This course examines how the Human Rights Act 1998 has affected the criminal law in England and Wales.
We adopt a selective and thematic approach to the subject (see below, module syllabus). Pervasive themes of the course are the impact of human rights on criminal law, the scope and control of discretion, and the coherence of the law in terms of underlying theory. Active participation is encouraged in seminars.
We would emphasise that:
- Students from numerous non-English jurisdictions have taken the course and performed very well. All interested students should be aware that there is often scope for argument in criminal law as to what the current law is (as well as what it should be). This means you will frequently need to read a lot of cases in order to discern what the relevant principles are.
- Many of the issues in the course transcend national boundaries and will be relevant to students from jurisdictions with different procedural traditions. For example, some of the procedural rights we discuss have constitutional status in many jurisdictions.
- The skills of analysis and critique developed on the course, in particular the types of arguments which may be raised in deciding whether a particular procedural rule engages and complies with a broadly defined right, will be transferable to other legal contexts and to other jurisdictions.
Indicative Module Syllabus
- The paradigm criminal process and alternatives to it
- Bail decisions and risk assessment
- Police powers of stop and search, detention and arrest
- Prosecutorial decision-making
- Entrapment and intelligence led policing
- Hearsay and the right to a fair trial
- Reverse burdens of proof and the presumption of innocence
- Exclusion of evidence and abuse of process
- Finality in the criminal process
- Sentencing 1 - guidelines and proportionality
- Sentencing 2 - deterrence and dangerous offenders
- Sentencing 3 – retrospective punishment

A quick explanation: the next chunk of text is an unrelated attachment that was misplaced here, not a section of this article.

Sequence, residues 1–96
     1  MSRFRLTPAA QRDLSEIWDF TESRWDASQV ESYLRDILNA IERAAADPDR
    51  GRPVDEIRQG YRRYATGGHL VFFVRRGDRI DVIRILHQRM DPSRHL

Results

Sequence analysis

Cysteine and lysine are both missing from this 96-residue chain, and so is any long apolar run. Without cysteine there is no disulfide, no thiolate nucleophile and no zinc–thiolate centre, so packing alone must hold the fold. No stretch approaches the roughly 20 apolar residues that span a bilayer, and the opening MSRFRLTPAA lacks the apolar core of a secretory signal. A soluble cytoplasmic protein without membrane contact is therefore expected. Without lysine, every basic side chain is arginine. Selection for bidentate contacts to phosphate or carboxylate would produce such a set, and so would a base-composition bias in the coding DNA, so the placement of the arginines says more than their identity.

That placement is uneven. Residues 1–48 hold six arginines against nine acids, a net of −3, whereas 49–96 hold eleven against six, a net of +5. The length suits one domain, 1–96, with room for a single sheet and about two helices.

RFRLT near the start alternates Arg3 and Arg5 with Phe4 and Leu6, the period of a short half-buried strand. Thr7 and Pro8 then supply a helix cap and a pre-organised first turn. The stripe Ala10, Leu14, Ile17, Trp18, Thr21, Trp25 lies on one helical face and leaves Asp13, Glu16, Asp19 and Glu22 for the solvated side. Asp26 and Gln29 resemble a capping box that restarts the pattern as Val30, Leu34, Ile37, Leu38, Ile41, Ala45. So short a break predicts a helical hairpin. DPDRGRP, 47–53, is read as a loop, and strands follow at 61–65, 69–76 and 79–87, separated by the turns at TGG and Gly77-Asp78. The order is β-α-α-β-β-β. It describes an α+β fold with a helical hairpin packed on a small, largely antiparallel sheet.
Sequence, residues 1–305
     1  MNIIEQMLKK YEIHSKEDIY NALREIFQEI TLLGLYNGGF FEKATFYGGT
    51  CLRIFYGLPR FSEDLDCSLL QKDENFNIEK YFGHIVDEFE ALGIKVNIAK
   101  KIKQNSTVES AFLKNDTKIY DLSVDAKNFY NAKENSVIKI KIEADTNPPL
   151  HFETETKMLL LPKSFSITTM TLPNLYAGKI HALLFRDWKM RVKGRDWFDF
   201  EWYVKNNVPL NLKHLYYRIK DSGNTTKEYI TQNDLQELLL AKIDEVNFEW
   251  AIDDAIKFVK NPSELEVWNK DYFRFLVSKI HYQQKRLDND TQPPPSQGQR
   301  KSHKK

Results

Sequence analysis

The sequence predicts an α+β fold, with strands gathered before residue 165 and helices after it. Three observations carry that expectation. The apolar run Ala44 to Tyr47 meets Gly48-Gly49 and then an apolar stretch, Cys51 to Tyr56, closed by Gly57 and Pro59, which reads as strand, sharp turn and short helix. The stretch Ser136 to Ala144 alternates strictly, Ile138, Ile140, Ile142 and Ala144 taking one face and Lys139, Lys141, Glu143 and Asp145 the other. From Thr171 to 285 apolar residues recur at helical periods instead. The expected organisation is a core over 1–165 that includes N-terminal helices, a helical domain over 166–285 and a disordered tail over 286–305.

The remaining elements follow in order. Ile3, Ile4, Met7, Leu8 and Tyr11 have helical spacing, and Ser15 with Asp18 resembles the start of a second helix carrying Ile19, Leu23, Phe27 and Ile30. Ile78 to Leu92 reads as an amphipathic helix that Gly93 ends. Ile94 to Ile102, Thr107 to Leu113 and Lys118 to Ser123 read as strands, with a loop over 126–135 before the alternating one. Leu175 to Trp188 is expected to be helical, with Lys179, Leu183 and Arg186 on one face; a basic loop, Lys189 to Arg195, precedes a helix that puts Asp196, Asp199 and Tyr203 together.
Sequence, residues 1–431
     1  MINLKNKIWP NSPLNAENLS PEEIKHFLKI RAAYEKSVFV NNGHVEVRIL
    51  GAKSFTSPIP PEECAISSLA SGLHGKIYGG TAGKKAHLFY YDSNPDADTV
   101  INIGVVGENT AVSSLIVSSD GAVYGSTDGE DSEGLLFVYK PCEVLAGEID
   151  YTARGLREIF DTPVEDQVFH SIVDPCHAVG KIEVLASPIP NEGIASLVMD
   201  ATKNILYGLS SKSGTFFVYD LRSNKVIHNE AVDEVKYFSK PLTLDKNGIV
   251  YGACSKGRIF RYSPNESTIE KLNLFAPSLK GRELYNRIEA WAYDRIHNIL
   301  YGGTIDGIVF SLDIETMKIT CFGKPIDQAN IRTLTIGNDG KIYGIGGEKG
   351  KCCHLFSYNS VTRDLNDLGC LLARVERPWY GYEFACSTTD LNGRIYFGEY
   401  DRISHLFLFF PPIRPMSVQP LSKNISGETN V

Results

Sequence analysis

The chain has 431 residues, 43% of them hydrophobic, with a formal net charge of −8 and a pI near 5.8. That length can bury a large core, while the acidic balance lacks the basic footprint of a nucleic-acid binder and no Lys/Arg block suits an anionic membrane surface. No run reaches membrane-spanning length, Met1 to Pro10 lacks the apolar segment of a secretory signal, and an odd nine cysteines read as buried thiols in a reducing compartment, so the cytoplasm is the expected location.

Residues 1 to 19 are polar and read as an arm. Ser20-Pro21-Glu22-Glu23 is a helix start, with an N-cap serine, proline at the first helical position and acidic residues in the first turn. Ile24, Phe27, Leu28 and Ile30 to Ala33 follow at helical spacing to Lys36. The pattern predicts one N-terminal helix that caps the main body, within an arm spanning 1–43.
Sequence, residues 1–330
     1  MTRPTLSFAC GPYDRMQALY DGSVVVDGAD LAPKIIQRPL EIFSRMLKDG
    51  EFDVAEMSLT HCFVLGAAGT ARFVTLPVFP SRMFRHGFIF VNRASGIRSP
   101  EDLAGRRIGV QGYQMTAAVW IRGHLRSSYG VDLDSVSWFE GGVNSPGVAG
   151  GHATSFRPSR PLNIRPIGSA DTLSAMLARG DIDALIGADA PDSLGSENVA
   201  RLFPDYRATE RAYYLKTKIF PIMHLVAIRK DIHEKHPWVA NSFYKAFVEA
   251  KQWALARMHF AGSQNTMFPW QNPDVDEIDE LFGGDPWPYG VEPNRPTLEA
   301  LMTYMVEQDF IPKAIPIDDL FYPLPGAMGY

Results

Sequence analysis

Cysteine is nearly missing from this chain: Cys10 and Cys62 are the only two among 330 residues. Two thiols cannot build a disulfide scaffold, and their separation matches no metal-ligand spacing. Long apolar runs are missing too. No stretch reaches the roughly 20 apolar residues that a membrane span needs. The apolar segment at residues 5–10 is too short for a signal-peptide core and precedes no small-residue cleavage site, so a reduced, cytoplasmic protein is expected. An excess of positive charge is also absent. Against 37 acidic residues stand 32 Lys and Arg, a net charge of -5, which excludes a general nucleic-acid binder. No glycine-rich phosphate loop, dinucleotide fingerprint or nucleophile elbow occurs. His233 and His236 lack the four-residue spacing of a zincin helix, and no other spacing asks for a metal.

- Behaviour orders
- Terrorism 1 -TPIMs and Prevent
- Terrorism 2 - offences and sentencing
- Criminal law in a pandemic
- Official secrets and the public interest
- Free speech and hate crime
- Student debate and key themes
There is no core text for the course. The closest is Campbell, Ashworth and Redmayne, The Criminal Process (5th ed, OUP 2019).
Reading from journals and case law is provided with the seminar materials each week.
Module reading lists and other module materials will be provided via online module pages, once students have made their module selections upon enrolment.
There is no required preliminary reading. If you have access to the following sources, they may give you an idea about your level of interest in the topic and introduce you to some of the more difficult themes of the course.
- A Cornford and A Petzsche, ‘Terrorism Offences’ in K ambos et al, Core Concepts in Criminal Law and Criminal Justice (CUP 2020)
- J Jackson “The Effects of Human Rights on Criminal Evidentiary Processes: towards Convergence, Divergence and Realignment” 68 (2005) Modern Law Review 737
- Attorney General's Reference (No.3 of 2000), Re, R v Looseley  UKHL 53  1 W.L.R. 2060.
|Credit value:||45 credits (450 learning hours)|
|Other Teachers:||David Ormerod|
|Teaching Delivery:||Face to Face Seminar|
|Who may enrol:||LLM Students Only|
|Must not be taken with:||None|
|Qualifying module for:||LLM in Law and Social Justice;|
LLM in Human Rights Law
|Final Assessment:||6,000 Word Essay (100%)|